Compiling Java applications to native Windows executables

Being a Java developer really sucks when it comes to making end-user desktop applications. You want these applications to be light, fast and easily redistributable. Packaging a bunch of jars along with startup script is the worst thing you can do. It may work quite well in various Linux distributions, where you can make a .deb or .rpm which automatically installs JRE, puts startup script to /usr/local/bin and creates a nice launcher with icon in the applications menu. In Mac OS you can use that outdated JRE that comes by default and then easily bundle all scripts and jars into an .app. But in Windows it does not work that way. You can use JSmooth to make .exe out of .jar and use NSIS to create a nice installer, but there still is a problem. User may not have a compatible JRE, or he/she may choose not to have one just because Java sucks for running on it's bloated memory hogging virtual machine. I have to agree here. As a user, I have no faith in desktop applications that are written in Java.

So what is the solution? Compile to native executable and forget JRE. It is possible, but it will not be a walk in the park. First, you will have to get familiar with GNU Compiler Collection and particularly with GCJ.

Let's compile a Hello World application like this one:

public class Hello {
    public static void main(String[] args) {
        System.out.println("Hello native world!");
  1. Get the patched GCJ here: http://www.thisiscool.com/gcc_mingw.htm (120 MB)
  2. Extract it somewhere and add thisiscool-gcc/gcc-ejc/bin to your PATH
  3. Compile Hello.java as Hello.exe: gcj --main=Hello -o Hello Hello.java
  4. Enjoy your statically linked Hello.exe which prints Hello native world! and runs without JRE.
Wait. Hello.exe is 37MB? Holy crap! Well, it's a little overhead you have to pay for loosing the JRE, this .exe contains the whole garbage collection mechanism, etc. Also, you will be able to compile SWT GUI applications! It is possible to get smaller executables with MinGW tooling. Hello.java compiled with MinGW is about 3MB, but it has other issues, I couldn't manage to get the system output working. You may be more lucky though.

Anyway, when you compile native binaries, your Java code cannot be decompiled, so you have better protection than by using obfuscators. And the best thing is that end users won't complain that "it's crap because it's Java". They just wouldn't know.

I wish Sun (I just can't say Oracle when referring to Java, it makes me sick, sorry) could create an official AOT Java compiler so developers would not have to go through hellfire to make native executables.


  1. Have you tried Excelsior JET? Its Java Runtime Slim-Down can yield a less-than-10MB installer for a Java GUI app, even Swing. It may also compile Eclipse RCP and Tomcat Web apps.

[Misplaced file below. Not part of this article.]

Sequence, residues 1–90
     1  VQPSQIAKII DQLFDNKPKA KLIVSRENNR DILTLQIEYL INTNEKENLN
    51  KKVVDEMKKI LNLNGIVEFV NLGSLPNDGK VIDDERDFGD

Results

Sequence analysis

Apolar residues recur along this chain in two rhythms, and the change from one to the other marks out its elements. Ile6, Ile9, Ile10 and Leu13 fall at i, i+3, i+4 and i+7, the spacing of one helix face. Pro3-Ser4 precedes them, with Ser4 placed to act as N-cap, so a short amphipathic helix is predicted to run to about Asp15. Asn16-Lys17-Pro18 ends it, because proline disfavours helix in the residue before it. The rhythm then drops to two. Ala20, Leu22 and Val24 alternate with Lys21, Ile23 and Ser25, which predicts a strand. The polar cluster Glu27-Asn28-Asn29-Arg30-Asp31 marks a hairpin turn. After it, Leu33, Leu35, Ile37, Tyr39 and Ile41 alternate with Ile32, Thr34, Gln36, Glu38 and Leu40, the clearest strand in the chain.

2. I didn't mention Excelsor JET because it's shareware and a really expensive one. That's also the reason why I didn't try it.

  3. A non-commercial project may qualify for a free Excelsior JET license.

    As for GCJ, apparently you get what you pay for. Excelsior JET is much easier to use and is Java SE 6 compatible. In particular, it includes the reference implementation of the standard Java API, licensed from Sun.

  4. "You want these applications to be light, fast and easily redistributable" - I think Java WEB start is suitable for these requirements.
    It requires JRE installed, there is special web site for this purpose - http://www.java.com/en/download/help/testvm.xml

  5. @dleskov
    I have a feeling that you work for Excelsior. :)

    Java Web Start might be good for redistributing small things like casual games, but for other things it is even worse. You depend not only on JRE, but also on internet connection. For me a significant part of "easily redistributable" is the fact that you can burn your software to CD and install where internet connection is not available.

  6. @Tomas Varaneckas: Yes I do, sorry for not making an explicit disclosure.

  7. GCJ compiled code is slower than code run on top the the JVM since Java 1.3 was released with HotSpot. Dynamic compiling kills the static optimizations, which are the only kind of optimizations gcj can do. And as nobody uses GCJ, I bet it barely optimizes anything.
    Making an executable jar is easy. Just run a Maven command

    mvn assembly:assembly

    And the jar you get runs by double clicking on it on windows. Installing the JRE there days is as easy as installing flash. Even big companies allow JRE in employee desktops as they know it is useful.

  8. There is no comparison between GCJ compiled java and Excelsior Jet compiled java. The former is not even usable in my opinion as 9 times out of 10 it fails to compile for any reasonably complex GUI app. Excellsior Jet almost never fails and produces a way better executable that actually runs 99.9 faster times out of 100. GCJ is for toy apps only as far as I can tell. Most of the time when I finally do get the darn thing to compile it then fails to launch. Maybe I don't know how to use it but that has been my experience. Excelsior Jet is trivial to use and also creats a nice installation package. And no I do not work for Excelsior Jet. I have used both.

  9. @ignorante

    Static optimizations, if implemented properly, will kill "dynamic" JIT - just because it runs offline and has time to analyze the program more thoroughly. Moreover, JIT splatters native code over the memory, which is really unfriendly to cache. The only thing where JIT may have advantage is detecting hot/cold code, but static optimization could also account for that (as they do in C++ world with profile-guided optimization).

    All in all, JIT is a conceptual hack, something you do when you don't have the time to compile properly.


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